3. ^ a b c Harkov, Lahav (2018-12-31). "Israel becomes 10th country to criminalize hiring prostitutes". The Jerusalem Post. Retrieved 2018-12-31.
  4. ^ a b "City in Focus: Tel Aviv, Israel - Exodus Cry". Exodus Cry. 4 October 2017. Retrieved 10 March 2018.
  5. ^ a b "Tel Aviv sex workers resist gentrification and raids". Global Network of Sex Work Projects. 8 January 2018. Retrieved 10 March 2018.
  6. ^ Lee, Vered (2 October 2017). "Empty Streets and Locked Doors: Prostitution Is Disappearing From Tel Aviv's Underbelly". Haaretz. Retrieved 10 March 2018.
  7. ^ "Issues in Jewish Ethics: Prostitution". The Jewish Virtual Library. The Jewish Virtual Library. Retrieved 12 October 2018.
  8. ^ "Prostitution". Retrieved 2018-10-04.
  9. ^ a b Miller, Tal (December 10, 2012). "Meet Angelique Sabag Gautiller, Israel's First Female Pimp". Tablet Magazine. Retrieved 10 April 2018.
  10. ^ a b Hasson, Miri (2005-03-23). "Israel's sex trade booming". Tel Aviv: Yedioth Internet. Retrieved 2008-01-14.
  11. ^ "Selling Their Bodies and Their Souls - Haaretz - Israel News". Haaretz. 2007-07-12. Retrieved 2016-04-04.
  12. ^ "Should Israel Make Paying for Sex a Criminal Offense?". 2012-04-05. Retrieved 2016-04-04.
  13. ^ Lis, Jonathan; Weiler-Polak, Dana (2012-02-12). "Israel Cabinet Approves Bill That Criminalizes Soliciting Prostitution". Haaretz. Retrieved 2016-04-04.
  14. ^ "Proposed Legislation". ATZUM Justice Works. Retrieved 10 March 2018.
  15. ^ Hovel, Revital (10 January 2018). "Israeli Gov't Committee Opts for 'Soft Criminalization' of Prostitute Clients". Haaretz. Retrieved 26 June 2018.
  16. ^ Mualem, Mazal (10 August 2018). "Israeli bill aims to crack down on those hiring prostitutes".
  17. ^ Hai, Shahar (2018-12-31). "Israel bans prostitution, backs rehabilitation for sex workers". Ynetnews. Retrieved 2018-12-31.
  18. ^ i24NEWS (2018-12-25). "Israel passes law to punish 'johns' who hire prostitutes". i24NEWS. Retrieved 2018-12-31.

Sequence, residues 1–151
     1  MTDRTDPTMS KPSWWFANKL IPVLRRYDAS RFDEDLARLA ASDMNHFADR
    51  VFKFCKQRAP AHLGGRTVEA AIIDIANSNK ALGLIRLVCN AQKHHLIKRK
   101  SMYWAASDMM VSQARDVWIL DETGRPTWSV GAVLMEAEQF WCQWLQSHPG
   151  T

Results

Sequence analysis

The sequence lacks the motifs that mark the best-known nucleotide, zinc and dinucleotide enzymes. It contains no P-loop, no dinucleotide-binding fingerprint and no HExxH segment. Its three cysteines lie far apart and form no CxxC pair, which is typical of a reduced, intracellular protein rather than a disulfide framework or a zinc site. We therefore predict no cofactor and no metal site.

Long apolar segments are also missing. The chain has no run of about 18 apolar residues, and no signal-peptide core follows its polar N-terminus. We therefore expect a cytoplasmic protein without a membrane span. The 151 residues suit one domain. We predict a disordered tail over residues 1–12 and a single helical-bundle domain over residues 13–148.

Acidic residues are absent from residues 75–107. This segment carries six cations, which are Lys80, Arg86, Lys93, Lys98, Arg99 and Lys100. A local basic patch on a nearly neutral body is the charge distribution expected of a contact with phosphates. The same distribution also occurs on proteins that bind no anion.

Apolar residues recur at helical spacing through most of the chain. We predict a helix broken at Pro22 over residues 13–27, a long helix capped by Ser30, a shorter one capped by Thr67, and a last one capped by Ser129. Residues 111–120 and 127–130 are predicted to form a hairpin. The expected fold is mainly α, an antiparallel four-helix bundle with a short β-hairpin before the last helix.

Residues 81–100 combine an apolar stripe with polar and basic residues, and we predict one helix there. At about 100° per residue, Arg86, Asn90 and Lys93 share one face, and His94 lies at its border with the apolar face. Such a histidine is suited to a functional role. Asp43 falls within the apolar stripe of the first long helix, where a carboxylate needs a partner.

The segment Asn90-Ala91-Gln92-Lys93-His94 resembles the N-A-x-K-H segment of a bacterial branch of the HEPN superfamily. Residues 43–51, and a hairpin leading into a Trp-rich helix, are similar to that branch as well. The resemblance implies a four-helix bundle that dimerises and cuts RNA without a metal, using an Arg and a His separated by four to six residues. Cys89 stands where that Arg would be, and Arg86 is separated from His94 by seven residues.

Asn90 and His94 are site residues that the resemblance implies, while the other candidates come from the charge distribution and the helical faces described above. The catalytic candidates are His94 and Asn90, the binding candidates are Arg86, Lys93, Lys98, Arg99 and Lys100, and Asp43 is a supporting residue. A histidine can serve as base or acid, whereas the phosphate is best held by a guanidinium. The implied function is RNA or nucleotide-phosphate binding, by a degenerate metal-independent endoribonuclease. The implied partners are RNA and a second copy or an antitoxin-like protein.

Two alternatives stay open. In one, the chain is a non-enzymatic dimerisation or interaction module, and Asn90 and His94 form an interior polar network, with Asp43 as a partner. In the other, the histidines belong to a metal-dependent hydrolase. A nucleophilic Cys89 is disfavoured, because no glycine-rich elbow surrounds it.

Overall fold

19. ^ Ditmore, Melissa Hope (2006). Encyclopedia of Prostitution and Sex Work. p. 419. ISBN 9780313329708. Retrieved 2016-04-04.
  20. ^ "Prostitution Revenue By Country". Retrieved 2016-04-04.
  21. ^ Patrick Cockburn (1995-09-21). "Sex slur enrages Russian Jews | World | News". The Independent. Retrieved 2016-04-04.
  22. ^ Hughes, Rebecca (2018-09-14). "What Israel's Campaign to End Prostitution Teaches Us About Women Leaders". The National Interest. Retrieved 2018-10-04.
  23. ^ "Israel women trafficking soars". BBC News. 2005-03-24. Retrieved 2012-11-26.
  24. ^ "Trafficking in Persons Report" (PDF). June 2009. Retrieved 2016-04-04.
  25. ^ Lee, Vered (2018-08-06). "Analysis New Israeli Bill Fining Prostitution Clients May Change Thousands of Women's Lives". Haaretz. Retrieved 2018-10-04.
  26. ^ Frenkel, Sheera Claire (2007-10-15). "Israelis against punishing prostitutes". The Jerusalem Post. Retrieved 2008-01-14.
  27. ^ "Victims of Trafficking and Violence Protection Act of 2000: Trafficking in Persons Report 2007". U.S. State Department. June 2007.
  28. ^ "Israel 2018 Trafficking in Persons Report". U.S. Department of State. Archived from the original on 29 July 2018. Retrieved 29 July 2018.
  29. ^ "Trafficking for Prostitution in Israel". Trafficking for Prostitution and Sexual Exploitation. Retrieved 2018-10-04.
  30. ^ "Israeli Men visit brothels one million times a month". Archived from the original on August 21, 2009. Retrieved May 7, 2010.